But this oddly sweet moment is ruined by Heather’s arrival. So they blast off to the edge of the universe three million years in the future. No dice. Heather shows up again. Though not before Bill, the Doctor, and Nardole have a nice interaction where she wonders about what makes up the sky and he jokes “Lemon drops.” Much to Nardole’s amusement. They also figure out that the puddle was a “super-intelligent oil” leak. It’s just acting on Heather’s wanderlust.
But while Heather is slowly luring Bill to her, Nardole brings up a great question: Why is Heather after Bill? The Doctor doesn’t know. There isn’t much time to think about this as they escape Heather’s clutches once again and head towards the deadliest fire in the universe as a way to sterilize Heather’s recurring appearances. Turns out the location of this is in the middle of a Dalek war zone.
While Nardole runs around securing the Doctor’s “old friends,” he and Bill trick a Dalek into firing on them, which they side step so Heather gets hit by “the deadliest fire in the universe.” It doesn’t seem to have much effect as she starts mimicking the Dalek. They run off again, but with a Dalek in pursuit. Only it’s not one. It’s Heather’s having taken it over. She transforms into her “human” shape and Bill realizes she’s following her because she’d promise Bill she’d not go anywhere. The Doctor says it best: “Never underestimate a crush.”
So it turns out that Heather is inviting her to travel with her. Bill reaches for her outstretched hand — despite the Doctor and Nardole’s warnings — but as she experiences the wonder of the universe as seen through Heather’s memories, she bids her goodbye and lets go. Just like that, Heather washes away.
The Doctor checks up on Bill, but she says she thinks she’s fine. Nardole also checks up on her, to which the Doctor gets annoyed. But having vowed to take care of the Doctor emotionally, Nardole lets her know that the Doctor doesn’t always notice tears.
Later in his office, Bill tells the Doctor that she’d been too scared to take Heather up on her offer. But he tells her that fear is a good thing to have. He then says he’s going to “fix” something, but pop culture savvy Bill knows what’s up and says no to the memory wipe, arguing that he should imagine what it’s like. To this, he lets her go and tells her to run. I suspect it’s a reaction not only to Clara’s own daredevil recklessness towards the end of her time in the TARDIS, but also the fact that the Doctor was made to forget her—though that might have been him pretending to do so, as seen by his reaction here.
Though it would seem that something else is haunting him as yet again he talks to the pictures of wife River Song and his granddaughter Susan on his desk (which, BTW, awww), as well as some other voices he’s hearing. Has all the time and space traveling finally caught up with our favorite Time Lord? After 12 regenerations and a bevy of companions, many of whom he’s lost to death, memory wipes, or time itself, it’s not a surprise that he could be having a tough time coping with everything. Though the fact that he was he’s here undercover (presumably for 50 years) guarding (or investigating?) the vault and that he’s promised not to do “that” anymore is a bit concerning. What’s going with the Doctor? Does Nardole know?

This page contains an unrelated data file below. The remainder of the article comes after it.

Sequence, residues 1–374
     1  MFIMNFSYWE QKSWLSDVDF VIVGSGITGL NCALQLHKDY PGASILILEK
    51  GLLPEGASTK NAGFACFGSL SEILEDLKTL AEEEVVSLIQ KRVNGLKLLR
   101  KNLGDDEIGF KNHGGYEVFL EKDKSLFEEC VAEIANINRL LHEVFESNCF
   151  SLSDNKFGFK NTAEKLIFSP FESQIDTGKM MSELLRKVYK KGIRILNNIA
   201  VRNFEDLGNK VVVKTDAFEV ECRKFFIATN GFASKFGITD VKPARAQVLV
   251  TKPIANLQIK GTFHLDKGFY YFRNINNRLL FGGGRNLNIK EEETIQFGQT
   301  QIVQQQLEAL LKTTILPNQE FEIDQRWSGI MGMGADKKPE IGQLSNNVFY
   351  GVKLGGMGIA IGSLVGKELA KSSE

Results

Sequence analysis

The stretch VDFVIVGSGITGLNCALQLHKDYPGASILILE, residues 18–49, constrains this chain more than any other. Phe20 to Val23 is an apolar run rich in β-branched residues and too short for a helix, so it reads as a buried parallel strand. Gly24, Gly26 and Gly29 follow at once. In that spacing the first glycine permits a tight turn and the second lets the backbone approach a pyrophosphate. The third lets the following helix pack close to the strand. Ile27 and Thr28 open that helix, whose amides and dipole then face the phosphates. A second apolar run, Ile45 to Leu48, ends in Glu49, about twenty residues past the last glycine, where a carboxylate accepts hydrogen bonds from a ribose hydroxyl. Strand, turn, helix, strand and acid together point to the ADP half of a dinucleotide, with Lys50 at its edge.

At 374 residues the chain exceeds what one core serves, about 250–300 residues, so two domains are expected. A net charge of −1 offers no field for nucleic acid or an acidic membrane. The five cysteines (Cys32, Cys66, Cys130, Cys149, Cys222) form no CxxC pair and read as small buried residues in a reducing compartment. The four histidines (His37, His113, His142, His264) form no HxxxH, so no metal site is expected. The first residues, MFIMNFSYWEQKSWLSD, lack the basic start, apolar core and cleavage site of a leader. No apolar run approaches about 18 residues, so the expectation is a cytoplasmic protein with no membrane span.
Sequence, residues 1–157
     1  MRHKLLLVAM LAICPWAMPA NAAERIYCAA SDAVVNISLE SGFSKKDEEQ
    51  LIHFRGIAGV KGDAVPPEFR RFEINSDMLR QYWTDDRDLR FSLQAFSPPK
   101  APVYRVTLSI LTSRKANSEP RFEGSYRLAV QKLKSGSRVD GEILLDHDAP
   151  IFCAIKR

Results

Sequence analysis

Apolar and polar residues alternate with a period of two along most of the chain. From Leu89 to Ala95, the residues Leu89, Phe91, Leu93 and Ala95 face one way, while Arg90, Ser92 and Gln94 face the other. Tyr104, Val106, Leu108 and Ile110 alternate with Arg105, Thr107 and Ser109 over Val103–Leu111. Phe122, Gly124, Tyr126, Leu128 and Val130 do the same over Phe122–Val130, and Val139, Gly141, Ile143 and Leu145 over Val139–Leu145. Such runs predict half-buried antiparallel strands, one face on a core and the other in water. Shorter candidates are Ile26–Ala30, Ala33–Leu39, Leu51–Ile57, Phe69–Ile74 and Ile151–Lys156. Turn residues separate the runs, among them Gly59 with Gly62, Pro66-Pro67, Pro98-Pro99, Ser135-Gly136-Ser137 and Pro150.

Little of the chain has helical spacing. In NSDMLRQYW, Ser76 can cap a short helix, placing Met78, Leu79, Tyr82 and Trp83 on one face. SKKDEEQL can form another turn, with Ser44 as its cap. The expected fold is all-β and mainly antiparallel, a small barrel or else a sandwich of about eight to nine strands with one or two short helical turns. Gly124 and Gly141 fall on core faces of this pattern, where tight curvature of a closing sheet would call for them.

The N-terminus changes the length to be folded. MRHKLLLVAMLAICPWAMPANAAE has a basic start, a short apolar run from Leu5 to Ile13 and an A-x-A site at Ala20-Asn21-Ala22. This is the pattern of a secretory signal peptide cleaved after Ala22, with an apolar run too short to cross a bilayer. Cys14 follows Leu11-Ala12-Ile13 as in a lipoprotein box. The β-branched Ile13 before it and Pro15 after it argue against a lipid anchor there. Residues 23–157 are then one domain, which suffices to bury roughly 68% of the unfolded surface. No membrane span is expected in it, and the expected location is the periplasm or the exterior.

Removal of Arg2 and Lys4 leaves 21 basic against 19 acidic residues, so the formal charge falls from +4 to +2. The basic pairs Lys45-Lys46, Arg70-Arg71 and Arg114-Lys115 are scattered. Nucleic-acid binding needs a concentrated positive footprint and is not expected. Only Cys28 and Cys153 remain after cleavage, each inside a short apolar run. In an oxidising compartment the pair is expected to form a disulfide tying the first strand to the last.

However, we don’t get to dwell on that for too long because as Bill steps out of the university she’s greeted by the Doctor and the TARDIS — under that same tree no less — and he lets her know that “Time” has changed his mind… and that there could be hope of finding and saving Heather. With that, he snaps his finger, the door flies open. Bill takes his and steps into the TARDIS, officially kicking off the season and their adventures together.
Pearl Mackie is absolutely refreshing as a companion and her chemistry with Capaldi’s Doctor is a perfect blend of being impressed by him, but also having enough pop culture sci-fi know-how to see through his tactics. If the companion is meant to be a surrogate for the audience, Bill is perfect at this juncture in the show’s life because not only have viewers become more sophisticated of different science fiction conventions, but we’re more aware of the Doctor’s history — especially with the show’s recent run, which has been making a lot of references to classic Who. (Like a pen holder full of the Doctor’s previous sonic screwdrivers on his fancy new desk?)
There’s also a basis of a slowly developing bond, which I really like. In fact, this might just be my reading of it, but I’d like to think that Bill reminds the Doctor of Susan and River in terms of being smart enough to think of things other people might not. This is best illustrated in her first reaction to the TARDIS being that it reminds her of a kitchen (all that metal). And that it takes her a short while to utter the infamous line (“It’s bigger on the inside”) because she thinks she’s guessed what’s going on. But we also see it in the Doctor’s treatment of her. When he first met Clara he was absolutely rude. But here not only does he get Bill a box of photos of her dead mother for Christmas, but he genuinely keeps checking in on her at various points. (Though a small part of me is worried that this might mean Bill is somehow “special” for science-fiction-y reasons other than the fact that she’s an awesome person.)
Nardole’s inclusion this season is also a continued delight. Not only does he bring a dose of comedy (Like his crushes. Who has been the source of Nardole’s affections?!) But he’s also someone who can genuinely hold the Doctor in check, or at least accountable, but isn’t scared of him — as we saw in the Christmas Special late last year. Meanwhile, the Doctor gets a more permanent friend and someone who actually take care of him in a way. Seeing as the Twelve is having a bit of a hard time emotionally, he’ll need this in the coming weeks. In any case, this is a fun and exciting start to the season and I can’t wait to see what’s next.